TCJL has filed an amicus curiae brief in the Texas Supreme Court that concerns the availability of discovery of reasonable and customary medical expenses in a personal injury action. The case, In re K&L Auto Crushers LLC and Thomas Gothard, Jr., Relators (No. 19-1022),  is a personal injury lawsuit arising out of a motor vehicle accident. The defendant sent subpoenas to the plaintiff’s medical providers seeking discovery of the providers’ reimbursement rates with private insurers and government payers for the medical services and equipment billed by the providers to the plaintiff. A Dallas trial court quashed the subpoenas, and the Dallas Court of Appeals summarily denied the defendant’s petition for writ of mandamus. After asking for and receiving full merits briefing, the Texas Supreme Court set the case for argument on January 5, 2021. The Court also stayed the trial date pending its resolution of the mandamus petition. Thus far, one other amicus brief has been filed by the Texas Association of Defense Counsel.

TCJL’s brief focuses on a growing trend in personal injury litigation in which claimants evade the paid or incurred rule using tactics that include blocking discovery of relevant and appropriate information regarding third-party reimbursement of health care expenses, as the trial court did in this case. Their objective is to get the chargemaster rate in front of the jury, while preventing the defendant from conducting any discovery of and submitting into evidence either the amount actually “paid or incurred” or the reasonable and customary amount paid for the specific service in the area in which the service was provided. In a related case pending before this Court, in which TCJL has participated as amicus curiae, In re Leon Paul Savoy; Texas Curb Cut, LP; and Texas Cutting & Coring, LP (No. 20-0843), for example, the trial judge, relying on a gross misreading of § 18.001, Civil Practice & Remedies Code, struck the controverting affidavit of the defense medical billing expert regarding the reasonableness of the charges. In such cases, the defendant can only helplessly look on as chargemaster rates that nobody actually pays flow into evidence and end up in the jury room.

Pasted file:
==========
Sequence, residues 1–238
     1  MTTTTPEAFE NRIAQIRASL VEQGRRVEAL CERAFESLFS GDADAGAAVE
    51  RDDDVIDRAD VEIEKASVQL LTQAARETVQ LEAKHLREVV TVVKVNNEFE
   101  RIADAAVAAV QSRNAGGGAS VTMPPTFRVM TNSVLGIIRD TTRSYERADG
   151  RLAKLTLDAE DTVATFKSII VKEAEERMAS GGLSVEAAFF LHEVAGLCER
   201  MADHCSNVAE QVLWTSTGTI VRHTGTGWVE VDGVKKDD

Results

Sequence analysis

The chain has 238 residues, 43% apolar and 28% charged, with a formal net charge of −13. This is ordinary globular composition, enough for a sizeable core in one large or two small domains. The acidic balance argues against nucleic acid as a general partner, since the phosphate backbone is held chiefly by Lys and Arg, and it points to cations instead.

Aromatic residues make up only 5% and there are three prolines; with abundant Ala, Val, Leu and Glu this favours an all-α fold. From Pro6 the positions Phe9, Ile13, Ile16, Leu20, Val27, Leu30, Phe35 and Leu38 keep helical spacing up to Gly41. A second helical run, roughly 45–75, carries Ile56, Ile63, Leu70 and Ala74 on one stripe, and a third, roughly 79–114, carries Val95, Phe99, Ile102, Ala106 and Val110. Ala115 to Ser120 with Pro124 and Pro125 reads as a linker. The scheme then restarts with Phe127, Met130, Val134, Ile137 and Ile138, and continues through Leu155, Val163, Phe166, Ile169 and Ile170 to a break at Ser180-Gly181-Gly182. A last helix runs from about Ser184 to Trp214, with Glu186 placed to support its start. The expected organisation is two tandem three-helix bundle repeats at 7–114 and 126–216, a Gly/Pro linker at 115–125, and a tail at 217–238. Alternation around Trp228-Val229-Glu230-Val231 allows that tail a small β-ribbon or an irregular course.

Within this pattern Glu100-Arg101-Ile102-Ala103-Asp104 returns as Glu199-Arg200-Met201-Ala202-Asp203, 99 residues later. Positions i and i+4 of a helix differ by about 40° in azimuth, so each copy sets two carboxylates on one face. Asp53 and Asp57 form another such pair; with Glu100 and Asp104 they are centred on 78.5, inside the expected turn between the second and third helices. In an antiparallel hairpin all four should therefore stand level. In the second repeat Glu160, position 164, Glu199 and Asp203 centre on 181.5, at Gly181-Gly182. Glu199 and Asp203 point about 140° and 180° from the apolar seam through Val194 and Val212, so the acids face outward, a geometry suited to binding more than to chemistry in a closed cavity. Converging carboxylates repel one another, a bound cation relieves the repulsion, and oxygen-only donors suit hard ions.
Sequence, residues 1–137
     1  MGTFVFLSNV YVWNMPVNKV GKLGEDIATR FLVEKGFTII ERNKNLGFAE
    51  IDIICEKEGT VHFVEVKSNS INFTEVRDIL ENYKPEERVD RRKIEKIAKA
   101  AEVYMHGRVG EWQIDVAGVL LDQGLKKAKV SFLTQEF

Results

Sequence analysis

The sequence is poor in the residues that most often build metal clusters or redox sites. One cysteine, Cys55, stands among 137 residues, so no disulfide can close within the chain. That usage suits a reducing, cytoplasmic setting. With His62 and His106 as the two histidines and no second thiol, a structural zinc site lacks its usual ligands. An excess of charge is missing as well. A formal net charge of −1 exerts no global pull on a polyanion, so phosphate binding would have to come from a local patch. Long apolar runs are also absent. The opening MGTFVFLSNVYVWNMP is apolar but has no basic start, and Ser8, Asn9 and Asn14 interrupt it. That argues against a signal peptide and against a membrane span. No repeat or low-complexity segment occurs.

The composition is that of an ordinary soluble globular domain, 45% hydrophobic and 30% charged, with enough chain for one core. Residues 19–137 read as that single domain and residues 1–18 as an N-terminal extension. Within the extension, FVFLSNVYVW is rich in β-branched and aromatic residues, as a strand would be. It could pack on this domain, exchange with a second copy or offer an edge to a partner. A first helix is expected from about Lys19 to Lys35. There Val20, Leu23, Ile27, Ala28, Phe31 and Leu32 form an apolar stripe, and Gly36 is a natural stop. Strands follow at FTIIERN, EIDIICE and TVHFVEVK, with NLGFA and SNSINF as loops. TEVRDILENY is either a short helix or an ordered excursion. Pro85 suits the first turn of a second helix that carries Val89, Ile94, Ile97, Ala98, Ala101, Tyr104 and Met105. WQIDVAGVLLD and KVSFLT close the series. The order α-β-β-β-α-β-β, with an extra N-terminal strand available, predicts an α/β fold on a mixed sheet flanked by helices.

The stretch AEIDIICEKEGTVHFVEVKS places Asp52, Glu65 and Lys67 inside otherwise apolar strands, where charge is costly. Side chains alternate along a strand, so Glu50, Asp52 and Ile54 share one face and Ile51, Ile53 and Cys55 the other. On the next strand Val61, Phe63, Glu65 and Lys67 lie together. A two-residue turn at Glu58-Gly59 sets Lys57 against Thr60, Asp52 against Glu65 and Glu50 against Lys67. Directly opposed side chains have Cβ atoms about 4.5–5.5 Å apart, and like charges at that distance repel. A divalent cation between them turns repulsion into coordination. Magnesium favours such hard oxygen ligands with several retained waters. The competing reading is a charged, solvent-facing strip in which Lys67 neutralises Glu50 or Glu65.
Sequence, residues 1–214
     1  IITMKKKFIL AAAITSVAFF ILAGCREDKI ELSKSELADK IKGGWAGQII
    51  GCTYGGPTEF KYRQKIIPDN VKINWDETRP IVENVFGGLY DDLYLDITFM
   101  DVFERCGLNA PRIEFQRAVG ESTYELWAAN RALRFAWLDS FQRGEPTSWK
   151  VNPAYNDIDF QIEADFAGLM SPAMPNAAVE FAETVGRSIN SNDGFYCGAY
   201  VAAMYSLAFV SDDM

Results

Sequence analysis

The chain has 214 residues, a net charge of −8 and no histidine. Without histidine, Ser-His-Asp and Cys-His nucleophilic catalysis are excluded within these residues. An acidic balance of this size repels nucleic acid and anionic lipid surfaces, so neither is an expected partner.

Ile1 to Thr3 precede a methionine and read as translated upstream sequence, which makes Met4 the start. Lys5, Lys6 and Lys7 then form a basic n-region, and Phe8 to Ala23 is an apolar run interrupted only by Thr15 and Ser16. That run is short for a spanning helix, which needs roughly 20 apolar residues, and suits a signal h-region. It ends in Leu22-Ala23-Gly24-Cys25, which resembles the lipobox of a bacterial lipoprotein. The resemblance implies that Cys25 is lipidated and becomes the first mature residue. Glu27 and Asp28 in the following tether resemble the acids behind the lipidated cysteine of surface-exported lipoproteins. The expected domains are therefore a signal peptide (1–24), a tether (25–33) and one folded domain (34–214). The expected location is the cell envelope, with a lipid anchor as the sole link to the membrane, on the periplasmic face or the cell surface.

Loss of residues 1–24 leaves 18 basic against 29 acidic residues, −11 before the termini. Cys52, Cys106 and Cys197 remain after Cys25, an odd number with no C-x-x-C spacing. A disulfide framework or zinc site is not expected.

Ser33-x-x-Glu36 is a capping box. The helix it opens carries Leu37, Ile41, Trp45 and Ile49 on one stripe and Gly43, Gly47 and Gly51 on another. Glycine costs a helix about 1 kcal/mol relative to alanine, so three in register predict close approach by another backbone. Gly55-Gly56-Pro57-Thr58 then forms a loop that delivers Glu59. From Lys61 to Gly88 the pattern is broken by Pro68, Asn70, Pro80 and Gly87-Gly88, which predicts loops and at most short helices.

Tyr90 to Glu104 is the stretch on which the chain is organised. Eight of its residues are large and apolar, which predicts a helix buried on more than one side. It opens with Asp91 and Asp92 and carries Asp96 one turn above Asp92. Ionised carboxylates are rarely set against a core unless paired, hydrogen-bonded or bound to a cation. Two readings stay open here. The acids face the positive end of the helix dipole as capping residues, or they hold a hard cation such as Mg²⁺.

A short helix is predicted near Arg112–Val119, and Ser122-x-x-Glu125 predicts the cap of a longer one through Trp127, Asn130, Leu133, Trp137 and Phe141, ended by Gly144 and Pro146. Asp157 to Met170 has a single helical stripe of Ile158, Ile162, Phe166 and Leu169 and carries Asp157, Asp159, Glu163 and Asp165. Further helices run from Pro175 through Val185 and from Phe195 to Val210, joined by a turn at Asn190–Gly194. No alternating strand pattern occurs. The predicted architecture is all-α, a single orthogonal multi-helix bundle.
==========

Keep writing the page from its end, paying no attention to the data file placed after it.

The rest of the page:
These tactics revive relatively low-dollar claims that otherwise would have been settled expeditiously under a proper application of the paid or incurred rule. But not only low-dollar claims. With the prospect of submitting into evidence significantly inflated expenses back in play, we can expect the frequency and severity of claims to start going up again after a period of relative stability. We can also expect defendants to reconsider whether to litigate claims in which liability is a significant issue in light of the increased costs of discovery and higher exposure to inflated health care expense claims. If this practice continues to spread, it will not take long for the paid or incurred rule to become a dead letter, eliminating a foundational part of the 2003 medical and general liability reforms.

A copy of TCJL’s briefs in these two cases can be found here:

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